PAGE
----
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Working with transits


Working with transits

Here we are looking at the actual techniques with which to work with transits – absorbing practical table-top work. Choose what you want to do, and give it a try.

Doing Transits – options

The principle of working with transits is that you can look at the ephemeris to find out where the planets stand now (or at any chosen times past or future), and then compare these positions with key points in your birth chart. Two major factors are important: the aspect(s) any transiting planet might make to one or more of the planets in your chart – any two or more planets which are in aspect in the chart are likely to be transited at the same time, or in close succession – and the houses in the chart which any transiting planet might be moving through.

The simplest way to do this is to keep an eye on the ephemeris, and keep a mental note of your chart, and work out your transits taking place as you go along. If your Jupiter is at 12° Taurus and transiting Jupiter happens to be at 12 Cancer, then a little mental juggling will tell you that a sextile aspect is going on. "Hmmm, I wonder what that means?". The thing to do is watch, and develop a mode of staying aware whereby you can perceive what is astrologically special and symptomatic in your life.

Understanding that a transit is happening can help you tune into the issues afoot in your life: it can point to how your Jupiter actually works in your life as you live it, help you understand what that transiting Jupiter is up to in itself, and help you take hold of your life and use your opportunities well. You don't even have to have a clear vision of what a transiting Jupiter sextile natal Jupiter does: to know that it is taking place is well enough to be getting on with.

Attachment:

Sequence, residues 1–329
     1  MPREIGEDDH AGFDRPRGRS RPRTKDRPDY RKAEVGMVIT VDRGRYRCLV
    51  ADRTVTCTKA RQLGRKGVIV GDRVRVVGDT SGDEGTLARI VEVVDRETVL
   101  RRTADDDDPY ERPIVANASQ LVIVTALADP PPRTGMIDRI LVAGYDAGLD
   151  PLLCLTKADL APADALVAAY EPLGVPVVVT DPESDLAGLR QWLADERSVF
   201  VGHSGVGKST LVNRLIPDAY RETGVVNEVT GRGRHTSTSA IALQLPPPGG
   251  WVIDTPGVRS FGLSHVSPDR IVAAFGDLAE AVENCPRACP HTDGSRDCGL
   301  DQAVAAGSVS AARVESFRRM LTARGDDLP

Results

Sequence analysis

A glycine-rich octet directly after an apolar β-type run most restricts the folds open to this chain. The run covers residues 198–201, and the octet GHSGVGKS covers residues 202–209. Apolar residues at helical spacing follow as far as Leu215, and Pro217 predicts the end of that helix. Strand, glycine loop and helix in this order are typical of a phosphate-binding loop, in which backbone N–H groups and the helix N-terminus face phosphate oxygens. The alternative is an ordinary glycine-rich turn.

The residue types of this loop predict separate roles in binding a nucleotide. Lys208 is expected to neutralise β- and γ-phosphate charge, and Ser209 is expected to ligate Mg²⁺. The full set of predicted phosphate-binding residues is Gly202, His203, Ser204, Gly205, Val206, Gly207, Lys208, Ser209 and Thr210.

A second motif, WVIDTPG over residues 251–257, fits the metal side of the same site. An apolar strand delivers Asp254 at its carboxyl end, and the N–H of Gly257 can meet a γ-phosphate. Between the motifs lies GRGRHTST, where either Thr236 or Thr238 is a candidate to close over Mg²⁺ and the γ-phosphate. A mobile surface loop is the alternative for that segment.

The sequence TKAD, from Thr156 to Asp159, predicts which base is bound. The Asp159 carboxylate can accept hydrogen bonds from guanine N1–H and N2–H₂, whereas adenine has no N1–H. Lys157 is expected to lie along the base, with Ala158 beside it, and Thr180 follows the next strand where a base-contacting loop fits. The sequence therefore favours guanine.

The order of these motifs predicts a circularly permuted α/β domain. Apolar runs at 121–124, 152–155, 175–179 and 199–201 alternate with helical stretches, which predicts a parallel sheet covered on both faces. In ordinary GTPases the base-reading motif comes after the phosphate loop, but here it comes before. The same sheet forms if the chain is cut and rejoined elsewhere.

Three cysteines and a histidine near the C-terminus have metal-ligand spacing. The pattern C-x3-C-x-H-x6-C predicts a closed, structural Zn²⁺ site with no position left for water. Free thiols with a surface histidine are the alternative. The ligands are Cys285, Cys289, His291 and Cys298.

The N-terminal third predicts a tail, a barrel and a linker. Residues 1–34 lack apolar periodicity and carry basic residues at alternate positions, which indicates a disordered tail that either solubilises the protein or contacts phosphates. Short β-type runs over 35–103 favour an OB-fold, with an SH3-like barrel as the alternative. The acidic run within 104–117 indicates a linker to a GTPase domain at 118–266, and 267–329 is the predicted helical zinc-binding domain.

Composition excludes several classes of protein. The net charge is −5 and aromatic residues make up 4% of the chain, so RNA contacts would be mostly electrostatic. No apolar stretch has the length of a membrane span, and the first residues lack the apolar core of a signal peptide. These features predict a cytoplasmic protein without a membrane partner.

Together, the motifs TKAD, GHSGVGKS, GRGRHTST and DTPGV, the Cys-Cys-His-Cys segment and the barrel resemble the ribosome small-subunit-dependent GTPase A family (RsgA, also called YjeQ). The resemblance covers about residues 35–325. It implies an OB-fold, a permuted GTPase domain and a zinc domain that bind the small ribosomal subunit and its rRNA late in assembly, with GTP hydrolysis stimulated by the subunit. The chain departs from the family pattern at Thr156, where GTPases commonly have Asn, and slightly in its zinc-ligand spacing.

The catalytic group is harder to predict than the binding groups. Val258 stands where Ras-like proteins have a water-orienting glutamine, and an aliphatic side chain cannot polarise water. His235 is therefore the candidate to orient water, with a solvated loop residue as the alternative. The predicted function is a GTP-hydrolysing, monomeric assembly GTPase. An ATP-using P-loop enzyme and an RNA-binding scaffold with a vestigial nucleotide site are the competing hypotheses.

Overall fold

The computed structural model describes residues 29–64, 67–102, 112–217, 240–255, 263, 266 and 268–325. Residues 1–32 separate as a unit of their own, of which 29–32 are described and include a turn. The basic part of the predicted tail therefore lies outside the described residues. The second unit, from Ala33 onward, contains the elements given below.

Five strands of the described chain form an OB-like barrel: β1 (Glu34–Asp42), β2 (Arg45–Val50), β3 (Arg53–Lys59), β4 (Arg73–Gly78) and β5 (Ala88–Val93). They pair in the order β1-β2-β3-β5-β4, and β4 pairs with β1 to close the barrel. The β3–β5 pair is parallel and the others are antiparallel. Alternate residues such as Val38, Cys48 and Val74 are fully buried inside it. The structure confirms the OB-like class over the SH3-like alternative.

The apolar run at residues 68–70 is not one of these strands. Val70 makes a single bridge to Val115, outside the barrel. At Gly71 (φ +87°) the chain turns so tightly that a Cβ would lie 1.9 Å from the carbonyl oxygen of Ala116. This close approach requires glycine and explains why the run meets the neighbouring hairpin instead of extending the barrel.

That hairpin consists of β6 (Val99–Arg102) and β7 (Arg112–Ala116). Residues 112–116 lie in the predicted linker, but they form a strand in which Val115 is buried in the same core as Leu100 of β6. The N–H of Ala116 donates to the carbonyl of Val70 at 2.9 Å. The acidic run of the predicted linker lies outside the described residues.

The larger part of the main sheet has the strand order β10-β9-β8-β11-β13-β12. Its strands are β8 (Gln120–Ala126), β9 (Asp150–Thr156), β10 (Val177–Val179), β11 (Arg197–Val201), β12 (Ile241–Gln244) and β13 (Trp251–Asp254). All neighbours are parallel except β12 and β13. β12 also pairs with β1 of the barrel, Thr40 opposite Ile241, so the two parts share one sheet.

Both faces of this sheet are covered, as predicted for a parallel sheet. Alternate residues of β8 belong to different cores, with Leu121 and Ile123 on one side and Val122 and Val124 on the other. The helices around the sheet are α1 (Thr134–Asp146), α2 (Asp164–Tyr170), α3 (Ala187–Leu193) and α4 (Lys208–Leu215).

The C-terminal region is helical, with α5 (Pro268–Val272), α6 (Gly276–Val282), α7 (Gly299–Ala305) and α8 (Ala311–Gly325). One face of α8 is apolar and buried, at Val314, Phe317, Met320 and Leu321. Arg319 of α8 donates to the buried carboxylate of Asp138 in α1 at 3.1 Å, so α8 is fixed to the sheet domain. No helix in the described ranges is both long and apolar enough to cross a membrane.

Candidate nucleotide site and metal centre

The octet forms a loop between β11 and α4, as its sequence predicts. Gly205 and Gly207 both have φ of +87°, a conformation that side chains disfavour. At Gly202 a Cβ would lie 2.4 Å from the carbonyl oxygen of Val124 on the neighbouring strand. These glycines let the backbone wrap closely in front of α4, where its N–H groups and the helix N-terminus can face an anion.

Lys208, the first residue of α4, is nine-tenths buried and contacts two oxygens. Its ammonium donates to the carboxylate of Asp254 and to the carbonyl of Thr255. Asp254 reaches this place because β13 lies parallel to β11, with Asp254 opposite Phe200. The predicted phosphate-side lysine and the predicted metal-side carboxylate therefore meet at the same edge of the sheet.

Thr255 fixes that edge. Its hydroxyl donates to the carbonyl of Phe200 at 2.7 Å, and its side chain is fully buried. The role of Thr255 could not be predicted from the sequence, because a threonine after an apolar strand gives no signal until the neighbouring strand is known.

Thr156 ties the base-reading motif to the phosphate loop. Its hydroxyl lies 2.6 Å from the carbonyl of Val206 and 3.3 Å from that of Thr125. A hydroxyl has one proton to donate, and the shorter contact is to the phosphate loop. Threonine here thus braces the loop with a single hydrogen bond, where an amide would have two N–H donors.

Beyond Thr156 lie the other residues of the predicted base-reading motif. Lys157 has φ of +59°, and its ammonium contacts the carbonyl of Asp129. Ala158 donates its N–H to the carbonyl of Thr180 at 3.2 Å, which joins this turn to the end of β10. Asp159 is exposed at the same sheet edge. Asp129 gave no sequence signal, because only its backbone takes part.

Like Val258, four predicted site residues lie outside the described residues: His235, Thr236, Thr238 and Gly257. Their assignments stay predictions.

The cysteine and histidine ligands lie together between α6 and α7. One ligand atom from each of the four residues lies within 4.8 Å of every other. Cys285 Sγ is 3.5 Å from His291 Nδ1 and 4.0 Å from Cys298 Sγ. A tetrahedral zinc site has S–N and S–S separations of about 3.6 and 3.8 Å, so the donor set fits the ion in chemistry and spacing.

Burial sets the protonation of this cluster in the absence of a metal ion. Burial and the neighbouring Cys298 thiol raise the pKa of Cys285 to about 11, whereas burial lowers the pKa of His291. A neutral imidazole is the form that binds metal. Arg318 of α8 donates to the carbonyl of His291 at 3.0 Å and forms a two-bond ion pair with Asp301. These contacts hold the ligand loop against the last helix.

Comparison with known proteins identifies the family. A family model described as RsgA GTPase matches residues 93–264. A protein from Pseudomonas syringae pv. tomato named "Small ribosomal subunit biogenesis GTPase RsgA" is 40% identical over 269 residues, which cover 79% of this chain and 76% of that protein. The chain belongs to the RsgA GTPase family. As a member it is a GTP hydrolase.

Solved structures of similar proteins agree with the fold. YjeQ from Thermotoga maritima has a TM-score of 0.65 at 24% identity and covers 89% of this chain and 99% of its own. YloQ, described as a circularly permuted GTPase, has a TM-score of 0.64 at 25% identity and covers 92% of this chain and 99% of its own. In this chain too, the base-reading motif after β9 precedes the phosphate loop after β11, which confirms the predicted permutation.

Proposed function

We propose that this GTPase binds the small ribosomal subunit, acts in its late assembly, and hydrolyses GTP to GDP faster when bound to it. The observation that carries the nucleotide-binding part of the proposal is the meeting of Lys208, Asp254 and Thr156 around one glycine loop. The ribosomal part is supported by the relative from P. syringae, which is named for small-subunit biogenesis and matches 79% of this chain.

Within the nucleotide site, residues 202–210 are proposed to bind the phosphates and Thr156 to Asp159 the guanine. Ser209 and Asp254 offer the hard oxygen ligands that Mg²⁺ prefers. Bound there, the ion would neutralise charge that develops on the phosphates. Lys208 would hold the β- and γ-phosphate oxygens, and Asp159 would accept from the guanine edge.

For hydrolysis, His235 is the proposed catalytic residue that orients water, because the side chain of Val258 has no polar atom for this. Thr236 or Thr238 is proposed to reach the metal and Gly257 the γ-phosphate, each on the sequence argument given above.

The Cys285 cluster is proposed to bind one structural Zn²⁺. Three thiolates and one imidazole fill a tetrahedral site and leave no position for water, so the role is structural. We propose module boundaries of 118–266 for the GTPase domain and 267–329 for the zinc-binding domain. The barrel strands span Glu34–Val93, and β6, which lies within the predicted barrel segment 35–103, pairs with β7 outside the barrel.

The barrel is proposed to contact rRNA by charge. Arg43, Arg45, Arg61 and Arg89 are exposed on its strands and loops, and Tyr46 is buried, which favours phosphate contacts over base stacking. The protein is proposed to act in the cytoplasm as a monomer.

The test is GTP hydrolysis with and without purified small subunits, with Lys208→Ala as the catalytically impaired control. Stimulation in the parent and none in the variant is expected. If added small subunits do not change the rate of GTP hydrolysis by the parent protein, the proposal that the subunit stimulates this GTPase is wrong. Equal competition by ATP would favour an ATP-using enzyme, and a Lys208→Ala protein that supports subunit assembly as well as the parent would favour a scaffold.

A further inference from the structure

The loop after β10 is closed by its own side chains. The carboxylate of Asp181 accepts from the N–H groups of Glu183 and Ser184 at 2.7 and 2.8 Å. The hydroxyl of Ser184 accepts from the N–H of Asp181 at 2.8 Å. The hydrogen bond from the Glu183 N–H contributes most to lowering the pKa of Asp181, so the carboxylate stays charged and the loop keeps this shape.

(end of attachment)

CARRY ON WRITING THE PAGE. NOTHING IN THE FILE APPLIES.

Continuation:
There are some interesting techniques available for working with transits: wall-charts, diaries and graphs are all really good to make, and reveal a lot in the process, and they are very useful once done.

What to study?

First, we need to look at some preliminary considerations to help you clarify what you are seeking to find out and how to get it. In astrology it is dead easy to drown in an overload of data and concepts, so here are some choices.

  • Check whether you would prefer to look into shorter-term, daily-life transits, or longer-term transits – they are not mutually exclusive, but they involve different techniques, and it is good to focus on one of these first. Graphs are better for long-term, and transit diaries for short-term work.

  • How much detail do you want to go into? It is good to put limitations around how much you tackle at any one period, otherwise you will catch astrological indigestion – a common ailment! In other words, sort out how many positions you want to examine in your chart, and how many aspects you want to use when looking at transits. You can change what you look into over time, but it is best at first to limit the number of items you look into, to avoid confusion and overload. Therefore, in your transit work, try starting out by observing:

* lunar conjunction and opposition aspects to planets, lunar nodes and the four angles, plus, optionally, lunar movements through houses;
* the places where the four quarter phases of the Moon fall in your chart, by house or by transiting aspect – a combined soli-lunar effect;
* major aspects (conjunction, sextile, square, trine, opposition) formed by Sun, Mercury, Venus and Mars to natal planets (but leave out such transits as the sextile, square and trine to the four angles or to the nodes, in order not to complicate things);
* major, or even lesser aspects (such as semisextile, semisquare, sesquiquadrate and quincunx) formed by slower-moving planets to natal planets (though here again it can be well to avoid lesser aspects to angles or nodes).
* It's also worth looking at ingresses of the slower planets into the houses. This will give you well enough to get on with – although you will no doubt find extra items of interest on the way!